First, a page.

“Did Virginia Commit Treason?” – Dennis Frye

“Did Virginia Commit Treason?” – Dennis Frye

54: . . . when Virginia advances on the

armory at Harper’s Ferry to seize the weapons
there – to seize the machinery that belongs to the United States government – is Virginia, like John Brown, committing treason? . . .

1:16 Virginians would argue that they no longer are a part of the United States . . .

1:46 The same thing happened at

the Naval Yard, the U.S. Naval Yard at Norfolk, Virginia

2:06 But the very act of leaving the Union, was that an act of treason? . . .

2:25 Virginians would say, that, when the original Union was founded, it was a compact, it was an agreement, that they voluntarily came into this agreement. So, if you voluntarily join the compact, if you voluntarily come together to form this Union, you also have the right to voluntarily depart from it. . .

3:03 But by legal definition, any act against the United States, such as separation, could be considered treason . . .

3:49 Often this decision will be made by who wins . . .

4:31 I still think it’s ironic that when John Brown attacked the armory and the arsenal, he would be captured and he would be tried by Virginia, and one of the charges was treason, treason against the state . . .

Main References:

Guernsey, Alfred H., Henry Mills. (1894). “Harper’s pictorial history of the Civil War, Vol. 1.” Chicago, IL. : Puritan Press Co. Print.

Guernsey, Alfred H., Henry Mills. (1894). “Harper’s pictorial history of the Civil War, Vol. 1.” Internet Archives: Digital Library of Free Books, Movies, Music, and Wayback Machine. 27 Oct. 2009. Web. 1 May 2011.

Guernsey, Alfred H., Henry Mills. (1894). “Harper’s pictorial history of the Civil War, Vol. 2.” Chicago, IL.: Puritan Press Co. Print.

Guernsey, Alfred H., Henry Mills. (1894). “Harper’s pictorial history of the Civil War, Vol. 2.” Internet Archives: Digital Library of Free Books, Movies, Music, and Wayback Machine. 27 Oct. 2009. Web. 1 May 2011.

“Destruction of the Harper’s Ferry Armory: Extracts from Senate Rep. Com. No. 37, 37th Cong., 2d Sess.” West Virginia Archives and History. Latest update 31 July 2008. Web. 3 May 2011.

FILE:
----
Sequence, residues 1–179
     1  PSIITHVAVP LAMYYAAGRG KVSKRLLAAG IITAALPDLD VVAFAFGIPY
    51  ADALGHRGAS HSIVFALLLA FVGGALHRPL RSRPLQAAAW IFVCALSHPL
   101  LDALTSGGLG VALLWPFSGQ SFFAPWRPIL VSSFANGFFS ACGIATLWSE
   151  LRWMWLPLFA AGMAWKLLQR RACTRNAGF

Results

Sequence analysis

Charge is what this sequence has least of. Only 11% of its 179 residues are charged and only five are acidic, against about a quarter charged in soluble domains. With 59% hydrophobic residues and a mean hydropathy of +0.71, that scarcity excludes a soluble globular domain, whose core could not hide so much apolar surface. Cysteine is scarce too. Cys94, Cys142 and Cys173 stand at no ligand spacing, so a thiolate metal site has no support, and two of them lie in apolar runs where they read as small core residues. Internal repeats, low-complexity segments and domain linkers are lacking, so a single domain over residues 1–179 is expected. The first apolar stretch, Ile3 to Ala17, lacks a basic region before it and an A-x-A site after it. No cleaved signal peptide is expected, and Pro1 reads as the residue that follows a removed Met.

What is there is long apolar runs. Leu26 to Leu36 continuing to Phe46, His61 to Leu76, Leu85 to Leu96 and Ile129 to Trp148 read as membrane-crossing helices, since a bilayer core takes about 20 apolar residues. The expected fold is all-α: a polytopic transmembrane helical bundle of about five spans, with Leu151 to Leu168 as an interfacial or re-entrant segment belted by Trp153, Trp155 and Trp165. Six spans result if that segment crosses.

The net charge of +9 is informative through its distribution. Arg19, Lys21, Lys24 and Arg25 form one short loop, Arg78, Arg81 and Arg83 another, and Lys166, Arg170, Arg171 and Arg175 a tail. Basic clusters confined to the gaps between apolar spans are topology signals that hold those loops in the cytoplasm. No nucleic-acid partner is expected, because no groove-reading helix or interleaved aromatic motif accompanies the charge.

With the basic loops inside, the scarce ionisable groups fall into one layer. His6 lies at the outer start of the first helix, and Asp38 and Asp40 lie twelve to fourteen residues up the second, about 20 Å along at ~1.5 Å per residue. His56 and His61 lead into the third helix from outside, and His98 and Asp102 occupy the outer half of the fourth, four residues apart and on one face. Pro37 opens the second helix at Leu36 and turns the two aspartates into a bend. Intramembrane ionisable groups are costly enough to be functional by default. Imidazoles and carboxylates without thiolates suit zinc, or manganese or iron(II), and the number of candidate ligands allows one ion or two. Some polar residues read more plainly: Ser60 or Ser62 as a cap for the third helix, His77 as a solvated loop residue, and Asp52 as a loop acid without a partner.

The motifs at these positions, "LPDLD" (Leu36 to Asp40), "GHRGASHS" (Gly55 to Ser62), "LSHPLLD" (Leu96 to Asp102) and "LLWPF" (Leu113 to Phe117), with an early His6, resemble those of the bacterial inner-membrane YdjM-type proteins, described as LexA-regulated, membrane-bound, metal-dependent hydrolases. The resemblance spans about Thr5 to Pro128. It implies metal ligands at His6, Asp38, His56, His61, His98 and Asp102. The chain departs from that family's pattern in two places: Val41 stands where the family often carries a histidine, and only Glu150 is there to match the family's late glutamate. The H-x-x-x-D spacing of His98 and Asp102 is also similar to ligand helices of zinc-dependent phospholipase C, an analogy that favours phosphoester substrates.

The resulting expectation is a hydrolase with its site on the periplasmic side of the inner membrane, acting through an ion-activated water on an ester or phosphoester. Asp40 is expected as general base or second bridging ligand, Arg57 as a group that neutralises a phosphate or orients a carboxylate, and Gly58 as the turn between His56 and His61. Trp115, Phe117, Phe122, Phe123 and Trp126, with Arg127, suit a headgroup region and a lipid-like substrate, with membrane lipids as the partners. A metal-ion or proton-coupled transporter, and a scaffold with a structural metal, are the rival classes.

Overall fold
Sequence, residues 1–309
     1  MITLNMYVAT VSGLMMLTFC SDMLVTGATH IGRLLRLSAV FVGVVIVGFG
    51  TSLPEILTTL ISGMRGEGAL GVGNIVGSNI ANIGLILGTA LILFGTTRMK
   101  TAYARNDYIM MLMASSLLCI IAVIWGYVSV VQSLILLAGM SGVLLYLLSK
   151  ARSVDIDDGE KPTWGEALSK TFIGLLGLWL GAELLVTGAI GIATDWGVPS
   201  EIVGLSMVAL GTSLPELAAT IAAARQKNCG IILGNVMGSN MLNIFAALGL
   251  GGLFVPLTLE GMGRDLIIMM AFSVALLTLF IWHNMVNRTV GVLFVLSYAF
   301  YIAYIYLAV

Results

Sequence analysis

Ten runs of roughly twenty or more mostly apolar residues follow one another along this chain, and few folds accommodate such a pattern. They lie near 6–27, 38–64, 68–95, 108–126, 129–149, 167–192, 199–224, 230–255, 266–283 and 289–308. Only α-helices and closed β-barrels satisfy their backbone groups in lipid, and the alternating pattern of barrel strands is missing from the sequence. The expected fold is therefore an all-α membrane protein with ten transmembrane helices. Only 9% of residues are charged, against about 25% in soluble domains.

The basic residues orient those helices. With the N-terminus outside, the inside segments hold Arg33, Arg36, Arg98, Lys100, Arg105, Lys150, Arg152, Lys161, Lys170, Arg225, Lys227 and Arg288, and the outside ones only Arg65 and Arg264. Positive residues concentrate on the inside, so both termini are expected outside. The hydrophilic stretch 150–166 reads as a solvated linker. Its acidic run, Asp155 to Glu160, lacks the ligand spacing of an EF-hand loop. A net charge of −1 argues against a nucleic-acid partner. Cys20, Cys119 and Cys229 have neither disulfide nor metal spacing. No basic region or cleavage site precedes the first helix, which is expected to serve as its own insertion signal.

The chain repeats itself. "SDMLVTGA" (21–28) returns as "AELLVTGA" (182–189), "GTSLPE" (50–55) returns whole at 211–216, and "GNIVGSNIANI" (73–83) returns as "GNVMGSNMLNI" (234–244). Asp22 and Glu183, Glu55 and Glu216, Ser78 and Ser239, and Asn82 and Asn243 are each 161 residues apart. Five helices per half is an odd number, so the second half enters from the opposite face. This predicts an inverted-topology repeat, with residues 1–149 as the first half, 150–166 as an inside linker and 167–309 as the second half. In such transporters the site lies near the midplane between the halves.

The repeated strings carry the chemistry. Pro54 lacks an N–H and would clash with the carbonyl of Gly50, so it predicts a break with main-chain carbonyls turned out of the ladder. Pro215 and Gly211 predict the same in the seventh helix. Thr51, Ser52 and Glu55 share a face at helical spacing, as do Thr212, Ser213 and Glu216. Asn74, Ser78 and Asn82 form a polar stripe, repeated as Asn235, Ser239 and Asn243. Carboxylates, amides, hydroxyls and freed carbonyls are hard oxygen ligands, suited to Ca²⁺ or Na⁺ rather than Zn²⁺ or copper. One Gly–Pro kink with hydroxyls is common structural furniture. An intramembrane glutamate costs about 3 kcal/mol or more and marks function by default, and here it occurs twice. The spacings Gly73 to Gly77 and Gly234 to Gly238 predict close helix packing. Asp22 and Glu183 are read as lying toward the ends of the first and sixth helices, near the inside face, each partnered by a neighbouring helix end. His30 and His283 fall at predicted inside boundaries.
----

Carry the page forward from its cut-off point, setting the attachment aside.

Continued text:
“Norfolk Naval Yard.” U.S. Gen Web Archives. Start date unavailable. Web. 3 May 2011.


Video:

Frye, Dennis. “Did Virginia Commit Treason?.” American Military University Civil War Scholars. 14 April 2011. Web. 2 May 2011.

Flickr Set:

harperphcw94and95c.jpg (two images)
“Destruction of the United States Navy Yard at Norfolk, Virginia, by Fire, by the United States Troops, on April 20, 1861. Destruction of the United States Ships at the Norfolk Navy Yard, by Order of the Government.” (1894). Harper’s Pictorial History of the Civil War. Chicago, IL.: Puritan Press Co. pp. 94, 95. Print.

“Norfolk Naval Yard.” U.S. Gen Web Archives. Latest update 30 July 2008. Web. 3 May 2011.

burninggosportcopy.jpg
“Burning of the Gosport Naval Yard by U. S. Authorities.” (May 11, 1861). New York Illustrated News. Print.

“Norfolk Naval Yard.” U.S. Gen Web Archives. Latest update 30 July 2008. Web. 3 May 2011

trial.jpg
Strother, David H. (Nov. 12, 1859). “The Trial of the Conspirators.” Harpers Weekly. pp.728-729. Print.

Strother, David H. (Nov. 12, 1859). “The Trial of the Conspirators.”
Digital History. Latest update 31 July 2008. Web. 3 May 2011.

TAGS:
Harper’s Ferry, Virginia, Norfolk Naval Yard, Treason by State, Gosport Naval Yard, Dennis Frye, Civil War, April, 1861, American Public University System, http://www.apus.edu, Jim Surkamp, http://www.justjefferson.com

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